The Respondent contends that, having been a student of Political Science between 2004-2008, he had a legitimate interest in the political studies and implications of “whiskey” and “if-by-whiskey” in the labyrinth of American politics, which he continues to explore in his artistic renderings. The use of “whiskey” in the disputed domain name refers to the paradoxical existence of a politically minded person and their dependence on the politically elected to assist in their exhibition.
The Respondent contends that he has never had reason to be familiar with the commercial identity of Power’s whiskey. The founding concept of the disputed domain name was to highlight the insecurity and accused doublespeak of an artist that wants to instigate political change. The conceptual and existential agenda for the disputed domain name is in no way related to the business and ideas of whiskey, its distillation or the commercial interests of the Complainant. Further, the Respondent contends that if the preservation of “powerswhiskey” was a paramount concern for the Complainant then it would have made efforts to buy all websites of that name or related to it (there being, as of November 28, 2010, over 20 still available). The Complainant’s attempt to co-opt the disputed domain name is a hegemonic attempt by the interests of a European conglomerate, Pernod Ricard, to stifle the free expression and political speech of an independent American citizen referencing cultural vernacular.
6. Discussion and Findings
A. Identical or Confusingly Similar
The disputed domain name incorporates the whole of the Complainant’s trademark POWERS and adds the descriptive word “whiskey”. Because the Complainant uses its POWERS trademark in respect of whiskey, the addition of the word “whiskey” to the Complainant’s trademark only serves to add to the confusing similarity of the disputed domain name to the Complainant’s trademark. Accordingly, this Panel finds that the disputed domain name is confusingly similar to a trademark in which the Complainant has rights.
B. Rights or Legitimate Interests
The fact that the Respondent’s surname is “Powers” does not, of itself, establish that the Respondent has a right or legitimate interest in a domain name containing the word “powers”. It is to be noted that the disputed domain name contains, in addition to the word “powers”, the word “whiskey”. The Respondent asserts that his motivation for incorporation of the word “whiskey” with his surname is to refer “to the paradoxical existence (as an idea) of a politically minded person and their dependence on the politically elected to assist in their exhibition”. This is fanciful. There is a multitude of other words that would convey such a paradox more effectively than “whiskey”. In the Panel’s view, the only reasonable conclusion that can be drawn is that the Respondent intended the word “whiskey” to have its common meaning of distilled liquor made from a fermented mash of cereal grains. By his own admission, the Respondent has no connection with the alcoholic beverages industry. Accordingly, this Panel finds on the present record that the Respondent has failed to rebut, in any convincing fashion, the Complainant’s prima facie case that the Respondent lacks rights or legitimate interests in respect of the disputed domain name.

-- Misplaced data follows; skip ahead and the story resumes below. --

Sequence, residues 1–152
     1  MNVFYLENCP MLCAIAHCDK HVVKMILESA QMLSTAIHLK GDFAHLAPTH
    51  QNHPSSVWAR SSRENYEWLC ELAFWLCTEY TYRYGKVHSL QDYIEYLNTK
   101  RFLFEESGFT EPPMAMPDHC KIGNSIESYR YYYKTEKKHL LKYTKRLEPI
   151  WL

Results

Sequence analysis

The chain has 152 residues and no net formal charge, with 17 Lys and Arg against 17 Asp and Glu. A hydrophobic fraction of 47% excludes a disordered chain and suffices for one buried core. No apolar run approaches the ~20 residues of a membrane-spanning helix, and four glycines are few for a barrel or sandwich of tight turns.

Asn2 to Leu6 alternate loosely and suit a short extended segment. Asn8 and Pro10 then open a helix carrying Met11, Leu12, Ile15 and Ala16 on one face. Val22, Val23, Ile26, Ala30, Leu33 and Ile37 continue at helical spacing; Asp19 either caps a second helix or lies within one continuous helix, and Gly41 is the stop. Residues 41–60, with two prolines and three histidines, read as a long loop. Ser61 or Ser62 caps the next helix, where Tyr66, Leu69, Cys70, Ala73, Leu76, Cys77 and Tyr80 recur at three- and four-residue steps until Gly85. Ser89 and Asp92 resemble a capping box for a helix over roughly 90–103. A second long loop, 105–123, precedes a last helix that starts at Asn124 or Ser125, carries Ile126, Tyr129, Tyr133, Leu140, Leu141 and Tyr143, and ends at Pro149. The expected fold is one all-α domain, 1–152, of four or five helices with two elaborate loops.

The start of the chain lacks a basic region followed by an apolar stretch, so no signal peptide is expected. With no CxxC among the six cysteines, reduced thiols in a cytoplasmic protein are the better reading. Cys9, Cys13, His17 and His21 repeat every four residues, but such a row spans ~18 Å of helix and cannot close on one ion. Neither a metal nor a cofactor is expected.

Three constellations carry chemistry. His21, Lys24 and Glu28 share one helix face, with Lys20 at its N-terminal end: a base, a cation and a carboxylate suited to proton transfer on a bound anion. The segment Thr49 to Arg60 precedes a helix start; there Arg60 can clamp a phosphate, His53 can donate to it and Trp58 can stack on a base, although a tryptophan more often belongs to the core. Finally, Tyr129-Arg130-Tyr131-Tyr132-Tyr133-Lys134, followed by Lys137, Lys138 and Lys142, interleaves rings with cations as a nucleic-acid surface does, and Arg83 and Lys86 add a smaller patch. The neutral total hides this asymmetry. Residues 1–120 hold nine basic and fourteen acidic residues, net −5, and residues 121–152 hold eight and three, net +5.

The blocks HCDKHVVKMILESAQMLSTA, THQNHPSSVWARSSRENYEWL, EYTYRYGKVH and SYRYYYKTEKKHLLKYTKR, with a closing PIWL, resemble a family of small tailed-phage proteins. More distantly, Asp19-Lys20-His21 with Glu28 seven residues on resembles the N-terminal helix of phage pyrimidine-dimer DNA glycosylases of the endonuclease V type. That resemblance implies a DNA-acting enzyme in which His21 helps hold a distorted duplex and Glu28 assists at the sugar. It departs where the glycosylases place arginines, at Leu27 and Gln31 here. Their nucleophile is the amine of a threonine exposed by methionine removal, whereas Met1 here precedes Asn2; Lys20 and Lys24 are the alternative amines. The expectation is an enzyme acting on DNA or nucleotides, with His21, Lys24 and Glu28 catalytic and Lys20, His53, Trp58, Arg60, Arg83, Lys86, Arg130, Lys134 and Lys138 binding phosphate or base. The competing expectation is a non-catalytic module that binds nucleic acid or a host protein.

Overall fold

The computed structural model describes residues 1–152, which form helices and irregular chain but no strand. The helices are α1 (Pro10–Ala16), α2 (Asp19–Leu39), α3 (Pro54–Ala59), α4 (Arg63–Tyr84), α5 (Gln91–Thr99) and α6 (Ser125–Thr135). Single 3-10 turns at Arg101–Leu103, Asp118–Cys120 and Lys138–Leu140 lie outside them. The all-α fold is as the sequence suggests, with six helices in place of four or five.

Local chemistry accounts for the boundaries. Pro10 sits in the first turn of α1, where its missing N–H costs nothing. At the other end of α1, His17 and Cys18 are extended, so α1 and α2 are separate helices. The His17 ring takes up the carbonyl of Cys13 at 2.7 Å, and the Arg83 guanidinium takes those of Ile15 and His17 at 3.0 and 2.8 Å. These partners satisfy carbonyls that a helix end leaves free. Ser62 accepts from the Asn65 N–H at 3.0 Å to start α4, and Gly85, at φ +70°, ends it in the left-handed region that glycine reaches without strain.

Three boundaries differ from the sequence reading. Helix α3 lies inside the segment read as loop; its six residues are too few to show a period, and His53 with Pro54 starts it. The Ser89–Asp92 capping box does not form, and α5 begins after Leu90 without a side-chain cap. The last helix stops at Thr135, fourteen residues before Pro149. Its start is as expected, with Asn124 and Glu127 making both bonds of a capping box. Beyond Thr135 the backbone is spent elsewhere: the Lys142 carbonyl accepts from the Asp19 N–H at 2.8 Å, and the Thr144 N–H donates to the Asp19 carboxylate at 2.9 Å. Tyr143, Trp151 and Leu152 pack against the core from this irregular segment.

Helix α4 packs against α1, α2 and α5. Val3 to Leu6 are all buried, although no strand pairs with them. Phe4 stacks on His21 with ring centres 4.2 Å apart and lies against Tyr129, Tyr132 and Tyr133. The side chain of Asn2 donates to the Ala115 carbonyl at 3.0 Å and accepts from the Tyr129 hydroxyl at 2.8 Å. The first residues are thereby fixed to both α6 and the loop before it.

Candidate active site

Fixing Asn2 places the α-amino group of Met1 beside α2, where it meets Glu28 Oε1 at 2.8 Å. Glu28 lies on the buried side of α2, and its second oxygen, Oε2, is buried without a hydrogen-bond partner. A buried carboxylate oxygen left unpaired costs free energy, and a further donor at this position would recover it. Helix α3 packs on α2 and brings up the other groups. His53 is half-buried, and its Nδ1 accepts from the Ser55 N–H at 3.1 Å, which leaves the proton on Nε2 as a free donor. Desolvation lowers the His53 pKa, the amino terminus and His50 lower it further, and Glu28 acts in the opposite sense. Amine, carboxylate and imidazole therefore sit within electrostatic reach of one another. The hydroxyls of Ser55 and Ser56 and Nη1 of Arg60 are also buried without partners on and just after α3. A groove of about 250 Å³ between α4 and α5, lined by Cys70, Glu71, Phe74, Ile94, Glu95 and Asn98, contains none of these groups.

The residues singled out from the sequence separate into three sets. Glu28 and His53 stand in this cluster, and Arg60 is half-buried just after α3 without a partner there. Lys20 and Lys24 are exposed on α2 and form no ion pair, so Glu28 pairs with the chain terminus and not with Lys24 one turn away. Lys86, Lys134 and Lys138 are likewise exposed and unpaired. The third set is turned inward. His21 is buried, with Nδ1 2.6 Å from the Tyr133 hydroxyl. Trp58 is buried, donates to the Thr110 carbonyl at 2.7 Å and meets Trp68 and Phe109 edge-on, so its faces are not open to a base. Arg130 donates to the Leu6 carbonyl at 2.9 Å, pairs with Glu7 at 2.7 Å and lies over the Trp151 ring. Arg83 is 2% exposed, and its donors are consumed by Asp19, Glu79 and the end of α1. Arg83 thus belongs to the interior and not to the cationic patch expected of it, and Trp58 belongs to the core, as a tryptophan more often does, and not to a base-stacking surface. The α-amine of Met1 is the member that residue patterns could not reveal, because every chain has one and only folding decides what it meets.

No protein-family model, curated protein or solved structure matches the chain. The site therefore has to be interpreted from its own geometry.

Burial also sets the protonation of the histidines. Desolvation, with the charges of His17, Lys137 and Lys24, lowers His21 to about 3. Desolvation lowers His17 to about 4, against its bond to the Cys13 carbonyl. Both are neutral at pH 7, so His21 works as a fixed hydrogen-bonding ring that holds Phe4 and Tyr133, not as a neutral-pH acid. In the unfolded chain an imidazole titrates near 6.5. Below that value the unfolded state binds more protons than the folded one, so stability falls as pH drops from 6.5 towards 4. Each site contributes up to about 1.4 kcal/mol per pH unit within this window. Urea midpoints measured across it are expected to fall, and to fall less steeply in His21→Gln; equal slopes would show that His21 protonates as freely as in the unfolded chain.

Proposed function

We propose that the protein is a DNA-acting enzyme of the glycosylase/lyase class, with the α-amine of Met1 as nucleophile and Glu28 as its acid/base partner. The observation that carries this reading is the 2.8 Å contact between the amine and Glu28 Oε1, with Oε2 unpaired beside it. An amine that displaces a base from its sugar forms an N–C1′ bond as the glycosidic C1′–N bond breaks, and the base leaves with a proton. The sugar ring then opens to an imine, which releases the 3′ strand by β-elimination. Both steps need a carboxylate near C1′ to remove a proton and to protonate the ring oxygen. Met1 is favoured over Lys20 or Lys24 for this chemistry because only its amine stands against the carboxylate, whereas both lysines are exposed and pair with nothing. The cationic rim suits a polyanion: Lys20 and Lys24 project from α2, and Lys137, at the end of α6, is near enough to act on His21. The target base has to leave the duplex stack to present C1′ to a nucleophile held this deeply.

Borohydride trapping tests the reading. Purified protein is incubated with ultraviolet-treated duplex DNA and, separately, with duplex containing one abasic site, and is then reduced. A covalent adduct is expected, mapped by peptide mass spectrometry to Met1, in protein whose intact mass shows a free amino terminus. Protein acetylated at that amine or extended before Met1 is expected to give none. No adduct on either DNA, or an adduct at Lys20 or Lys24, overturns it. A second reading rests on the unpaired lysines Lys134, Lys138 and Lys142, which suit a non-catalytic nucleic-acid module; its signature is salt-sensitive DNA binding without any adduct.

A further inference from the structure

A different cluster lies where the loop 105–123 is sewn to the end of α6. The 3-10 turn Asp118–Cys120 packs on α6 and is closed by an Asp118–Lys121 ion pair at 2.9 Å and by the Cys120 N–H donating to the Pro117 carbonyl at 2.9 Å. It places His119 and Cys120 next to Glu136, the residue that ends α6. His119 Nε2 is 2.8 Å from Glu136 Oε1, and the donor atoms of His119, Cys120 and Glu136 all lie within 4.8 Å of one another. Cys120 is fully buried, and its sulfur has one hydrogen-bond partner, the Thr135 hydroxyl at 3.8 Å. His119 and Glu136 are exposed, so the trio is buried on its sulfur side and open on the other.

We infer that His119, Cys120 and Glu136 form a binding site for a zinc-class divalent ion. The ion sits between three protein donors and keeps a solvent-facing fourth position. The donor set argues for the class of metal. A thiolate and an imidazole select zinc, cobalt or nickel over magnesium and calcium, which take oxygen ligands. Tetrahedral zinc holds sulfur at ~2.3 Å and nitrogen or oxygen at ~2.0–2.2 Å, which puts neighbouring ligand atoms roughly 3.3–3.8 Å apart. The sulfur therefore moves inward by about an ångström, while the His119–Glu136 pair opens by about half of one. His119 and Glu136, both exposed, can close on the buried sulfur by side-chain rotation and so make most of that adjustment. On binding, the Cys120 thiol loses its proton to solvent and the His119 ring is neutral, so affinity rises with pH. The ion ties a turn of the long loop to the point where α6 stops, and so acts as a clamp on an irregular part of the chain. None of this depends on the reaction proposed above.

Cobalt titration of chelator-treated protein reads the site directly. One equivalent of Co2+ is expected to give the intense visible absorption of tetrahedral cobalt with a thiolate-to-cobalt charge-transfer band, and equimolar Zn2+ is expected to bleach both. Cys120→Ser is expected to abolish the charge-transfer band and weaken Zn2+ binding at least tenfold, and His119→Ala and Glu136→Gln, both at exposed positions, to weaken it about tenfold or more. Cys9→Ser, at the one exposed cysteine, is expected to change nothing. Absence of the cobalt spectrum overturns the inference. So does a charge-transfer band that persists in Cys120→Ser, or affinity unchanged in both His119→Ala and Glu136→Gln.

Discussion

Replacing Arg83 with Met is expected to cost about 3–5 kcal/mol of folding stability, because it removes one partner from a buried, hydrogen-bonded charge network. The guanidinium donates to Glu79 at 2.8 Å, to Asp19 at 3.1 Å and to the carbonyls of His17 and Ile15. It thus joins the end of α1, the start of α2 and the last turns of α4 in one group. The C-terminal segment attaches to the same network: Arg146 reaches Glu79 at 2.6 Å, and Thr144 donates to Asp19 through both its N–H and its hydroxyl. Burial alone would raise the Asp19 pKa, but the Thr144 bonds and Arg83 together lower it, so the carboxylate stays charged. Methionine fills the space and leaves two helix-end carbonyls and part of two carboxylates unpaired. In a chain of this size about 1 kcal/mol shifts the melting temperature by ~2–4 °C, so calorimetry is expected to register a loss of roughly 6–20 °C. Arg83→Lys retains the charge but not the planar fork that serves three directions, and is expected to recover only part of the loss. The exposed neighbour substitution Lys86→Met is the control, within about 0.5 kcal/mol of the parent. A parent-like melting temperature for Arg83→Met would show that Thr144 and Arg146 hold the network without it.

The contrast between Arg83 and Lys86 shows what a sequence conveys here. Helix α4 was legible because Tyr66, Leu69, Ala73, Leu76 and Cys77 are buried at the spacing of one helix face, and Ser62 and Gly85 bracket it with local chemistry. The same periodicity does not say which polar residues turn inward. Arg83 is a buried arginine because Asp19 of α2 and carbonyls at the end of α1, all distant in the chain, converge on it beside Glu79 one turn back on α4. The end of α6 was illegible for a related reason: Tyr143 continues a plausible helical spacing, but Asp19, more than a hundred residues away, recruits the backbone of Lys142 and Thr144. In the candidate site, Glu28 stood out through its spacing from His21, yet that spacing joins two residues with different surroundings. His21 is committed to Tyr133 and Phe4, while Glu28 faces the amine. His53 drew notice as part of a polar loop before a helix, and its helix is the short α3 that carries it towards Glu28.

C. Registered and Used in Bad Faith
The evidence provided in the Complaint contained screenshots of various pages of the Respondent’s website, wherein the Respondent asserts he was born in Ireland 1986. The Respondent did not deny this fact – rather, he merely states he “has never had reason to be familiar with the commercial identity of Power’s Whiskey”. In all of the circumstances, this Panel considers it more likely than not that the Respondent was aware of the Complainant’s use of its POWERS trademark in respect of whiskey at the time the Respondent registered the disputed domain name. The coincidence of the Respondent’s surname and the Complainant’s trademark gave the Respondent’s registration of the disputed domain name a veneer of legitimacy. However, in the Panel’s assessment, this veneer of legitimacy disappears once account is taken of the fact that the disputed domain name also contains the word which is the name of the product in respect of which the Complainant uses its trademark, and the fact that the Respondent has no plausible legitimate reason for incorporating that word in the disputed domain name. This Panel has no substantial doubt that the true reason the Respondent registered the disputed domain name is because it combined the Complainant’s trademark (which happened also to be his surname) with the name of the product in respect of which that trademark is used by the Complainant.
This Panel accepts the Complainant’s contention that the motivation for the Respondent using the disputed domain name as a URL for his website is to increase traffic to that website. It is highly plausible, as the Complainant contends, that consumers and fans of the Complainant’s whiskey will be attracted to the Respondent’s website due to the confusing similarity between the disputed domain name and the Complainant’s trademark. This Panel accepts the Respondent’s contention that he does not sell his artwork online. However, that fact does not, of itself, establish that the Respondent does not derive a commercial benefit from increased traffic to his website caused by his use of the confusingly similar disputed domain name. The more visitors there are to his website, the more developed becomes his reputation as an artist. For an aspiring professional, or even semi-professional, artist, that is a commercial benefit. Drawing reasonable inferences from the evidence before it, this Panel concludes that the Respondent has used the disputed domain name in the manner described in paragraph 4(b)(iv) of the Policy. Accordingly, this Panel finds that the disputed domain name has been registered and is being used in bad faith.
For all the foregoing reasons, in accordance with paragraphs 4(i) of the Policy and 15 of the Rules, the Panel orders that the disputed domain name <powerswhiskey.com> be transferred to the Complainant.
Andrew F. Christie
Dated: January 4, 2011